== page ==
Early Starts to Academic Success: Develop a Sleep Routine

by Zena Smith

http://www.dreamstime.com/-image21828613As a parent I sometimes wonder if something was lost in translation when they came up with the phrase “sleeping like a baby.” You hear those words and you imagine a child, sound asleep and without a worry in the world. But those of us who have been there know that—baby or not—kids don’t always want to go to sleep, and if you’re going to make them, you can bet they won’t be peaceful about it!

Learning to manage your child’s sleep routine is not just a right of passage of new parenthood, but as you may know, it’s an important part of keeping their bodies healthy and setting the stage for life-long learning. Over the last couple of decades there have been more than enough studies to back the science behind sleep. However, new studies have shown that it’s not just the sleep that matters. Your child’s overall health, ability to learn, and creative energies also depend on how well they sleep and how they get to sleep.

That’s right—just saying “sweet dreams” and turning down the lights might be one way to put them to bed, but when it comes to the kind of sleep their developing brains need to prep for long days of learning, it’s certainly not the best way! The “right” kind of sleep, it turns out, comes from a routine!

Developing a bedtime routine that promotes brain development might sound like a lot of work or an impossible task. But take our word for it—it’s not! It all boils down to being consistent and defining the bedtime roles of both you and your student!

Be Consistent

After all, consistency is part of the definition of a routine, right? However you choose to define your student’s bedtime ritual, be sure that you help them go through it the same every night. It’s okay if you have a separate routine for the weekends and schooldays, but let that be the end of changing it up! The point is to help train your student’s body and mind that bedtime equals good, productive sleep. Things to consider?

  • What time is bedtime?
  • What activities will become part of the bedtime routine?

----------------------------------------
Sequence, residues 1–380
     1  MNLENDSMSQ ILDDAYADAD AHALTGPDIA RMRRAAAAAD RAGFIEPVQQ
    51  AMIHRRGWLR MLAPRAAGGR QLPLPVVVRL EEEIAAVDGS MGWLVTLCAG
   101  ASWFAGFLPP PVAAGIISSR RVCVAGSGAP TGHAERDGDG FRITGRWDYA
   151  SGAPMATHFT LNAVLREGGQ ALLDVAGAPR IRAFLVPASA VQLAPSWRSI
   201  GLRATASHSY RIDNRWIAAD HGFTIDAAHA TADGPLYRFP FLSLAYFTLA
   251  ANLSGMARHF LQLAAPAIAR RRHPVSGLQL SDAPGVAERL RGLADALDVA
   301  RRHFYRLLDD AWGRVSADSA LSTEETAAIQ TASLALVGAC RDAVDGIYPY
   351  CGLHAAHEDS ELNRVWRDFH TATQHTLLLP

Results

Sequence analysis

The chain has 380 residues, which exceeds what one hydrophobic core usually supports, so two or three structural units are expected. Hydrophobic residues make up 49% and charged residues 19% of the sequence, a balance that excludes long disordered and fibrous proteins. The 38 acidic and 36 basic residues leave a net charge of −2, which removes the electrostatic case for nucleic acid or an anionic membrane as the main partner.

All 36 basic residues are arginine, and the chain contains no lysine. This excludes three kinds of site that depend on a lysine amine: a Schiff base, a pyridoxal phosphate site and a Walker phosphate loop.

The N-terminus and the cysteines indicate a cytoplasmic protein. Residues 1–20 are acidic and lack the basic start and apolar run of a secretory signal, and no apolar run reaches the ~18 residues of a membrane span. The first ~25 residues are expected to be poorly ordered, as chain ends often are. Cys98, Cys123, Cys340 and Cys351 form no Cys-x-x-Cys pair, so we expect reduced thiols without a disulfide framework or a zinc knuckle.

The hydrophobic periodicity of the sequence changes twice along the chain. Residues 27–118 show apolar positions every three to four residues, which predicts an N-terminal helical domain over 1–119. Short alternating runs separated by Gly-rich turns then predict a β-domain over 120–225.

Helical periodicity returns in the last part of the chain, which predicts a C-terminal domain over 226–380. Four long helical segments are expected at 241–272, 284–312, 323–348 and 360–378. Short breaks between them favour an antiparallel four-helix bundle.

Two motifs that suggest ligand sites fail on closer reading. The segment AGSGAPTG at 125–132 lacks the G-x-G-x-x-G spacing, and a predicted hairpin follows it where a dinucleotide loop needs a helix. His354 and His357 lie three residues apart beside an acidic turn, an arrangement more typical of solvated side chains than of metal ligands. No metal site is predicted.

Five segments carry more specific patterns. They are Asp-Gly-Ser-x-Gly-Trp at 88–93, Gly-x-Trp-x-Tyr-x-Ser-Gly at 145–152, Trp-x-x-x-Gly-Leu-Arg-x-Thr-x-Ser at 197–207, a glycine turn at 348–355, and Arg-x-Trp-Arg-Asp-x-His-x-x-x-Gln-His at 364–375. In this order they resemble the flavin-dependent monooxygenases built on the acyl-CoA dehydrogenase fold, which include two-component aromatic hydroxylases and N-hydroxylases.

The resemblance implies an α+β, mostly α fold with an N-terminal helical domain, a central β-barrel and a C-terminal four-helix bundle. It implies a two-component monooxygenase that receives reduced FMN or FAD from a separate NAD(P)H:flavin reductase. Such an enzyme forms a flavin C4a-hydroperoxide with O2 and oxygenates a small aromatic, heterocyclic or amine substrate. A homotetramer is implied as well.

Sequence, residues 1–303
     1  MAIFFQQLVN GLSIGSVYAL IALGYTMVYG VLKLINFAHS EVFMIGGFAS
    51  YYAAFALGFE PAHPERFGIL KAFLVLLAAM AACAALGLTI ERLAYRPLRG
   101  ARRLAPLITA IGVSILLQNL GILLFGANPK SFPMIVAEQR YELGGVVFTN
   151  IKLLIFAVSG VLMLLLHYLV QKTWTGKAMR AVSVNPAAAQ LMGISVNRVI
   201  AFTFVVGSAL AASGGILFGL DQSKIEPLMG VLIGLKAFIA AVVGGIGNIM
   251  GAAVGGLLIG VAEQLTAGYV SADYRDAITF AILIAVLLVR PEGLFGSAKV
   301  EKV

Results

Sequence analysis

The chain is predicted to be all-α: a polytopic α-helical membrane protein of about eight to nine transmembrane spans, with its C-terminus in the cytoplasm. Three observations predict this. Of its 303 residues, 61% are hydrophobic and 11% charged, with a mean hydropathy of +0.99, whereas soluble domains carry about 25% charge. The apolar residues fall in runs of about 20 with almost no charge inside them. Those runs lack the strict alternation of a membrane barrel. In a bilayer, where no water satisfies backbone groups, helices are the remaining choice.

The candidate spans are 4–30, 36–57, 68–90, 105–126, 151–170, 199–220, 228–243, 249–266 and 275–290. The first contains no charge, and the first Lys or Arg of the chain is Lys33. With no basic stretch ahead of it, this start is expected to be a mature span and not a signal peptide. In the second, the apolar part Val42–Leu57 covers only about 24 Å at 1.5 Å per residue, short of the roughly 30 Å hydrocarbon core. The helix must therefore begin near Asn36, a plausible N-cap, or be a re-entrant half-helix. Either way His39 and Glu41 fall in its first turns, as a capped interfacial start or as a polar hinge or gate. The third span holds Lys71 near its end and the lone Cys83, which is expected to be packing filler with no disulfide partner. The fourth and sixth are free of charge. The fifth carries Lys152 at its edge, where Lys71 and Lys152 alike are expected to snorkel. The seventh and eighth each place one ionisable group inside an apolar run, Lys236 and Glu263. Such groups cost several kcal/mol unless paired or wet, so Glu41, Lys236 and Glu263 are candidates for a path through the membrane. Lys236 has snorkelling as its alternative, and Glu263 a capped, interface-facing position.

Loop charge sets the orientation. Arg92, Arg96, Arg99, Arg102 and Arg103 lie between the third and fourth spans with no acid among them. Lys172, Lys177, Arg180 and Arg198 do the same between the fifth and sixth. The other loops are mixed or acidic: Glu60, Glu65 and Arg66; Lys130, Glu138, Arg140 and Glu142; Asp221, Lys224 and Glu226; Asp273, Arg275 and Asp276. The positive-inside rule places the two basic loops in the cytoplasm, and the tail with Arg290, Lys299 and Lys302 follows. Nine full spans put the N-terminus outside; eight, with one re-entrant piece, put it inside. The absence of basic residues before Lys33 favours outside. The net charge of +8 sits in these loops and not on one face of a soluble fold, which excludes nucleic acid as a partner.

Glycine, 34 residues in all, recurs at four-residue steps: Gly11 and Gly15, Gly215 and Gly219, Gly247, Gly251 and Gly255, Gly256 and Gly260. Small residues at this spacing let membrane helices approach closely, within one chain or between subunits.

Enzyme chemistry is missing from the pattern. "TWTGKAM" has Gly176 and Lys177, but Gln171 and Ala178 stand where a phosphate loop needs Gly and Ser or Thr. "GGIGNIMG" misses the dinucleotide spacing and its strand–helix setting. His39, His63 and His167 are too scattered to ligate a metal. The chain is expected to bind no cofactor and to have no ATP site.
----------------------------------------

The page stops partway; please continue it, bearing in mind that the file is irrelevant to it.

• What activities are NOT allowed in the minutes or hours before bedtime?

By being consistent, your child’s body and mind will eventually learn to embrace bedtime, and to be tired and ready when that time comes.

Be a Part of Bedtime

An upside of bedtime is that, in many families, everyone is in the house, the television is off, and duties for the day are completed. This is a great time to spend quality personal time with a student who has been away at school all day. Take advantage of it by making this quality time part of their nightly routine. Some activities we suggest adding to bedtime include:

  • Reading aloud. You can be the reader, they can be the reader, or you can take turns!
  • Singing. Singing is always a good activity to enjoy with your young one. The patterns and rhythms of song are helpful to brain development, and as an added bonus, it may help sooth your child and prepare them for a night’s rest.
  • Cuddling. Spending time away from parents can be hard, especially on young children. Physical touch is an important part of emotional and cognitive development, so go ahead and give them a hug. Besides, you’ve missed them, right?
  • Sharing storiesUse this time to catch up on what you missed form one another’s days. Learning to listen to stories and craft them on their own will also aid in cognitive development as your child approaches their elementary and middle school years.

Define the Roles

A bedtime routine is made better when your child knows what to expect from you and what’s expected of them. If they have a list of tasks they need to complete before bed—brushing their teeth, washing their hands, saying a prayer, and so on—they should know exactly that. To take it a step further, you might even encourage them to do these things in the same order! After a few weeks, your child’s body will begin to adapt, helping them to feel tired when the time comes.

Similarly, your role in bedtime should be known to them. If you are the one who reads the book and turns off the light, don’t ditch on your duty! Subverting your child’s expectations is one way to spark their curious minds and keep them awake. Take out the variables by performing the routine each and every night!




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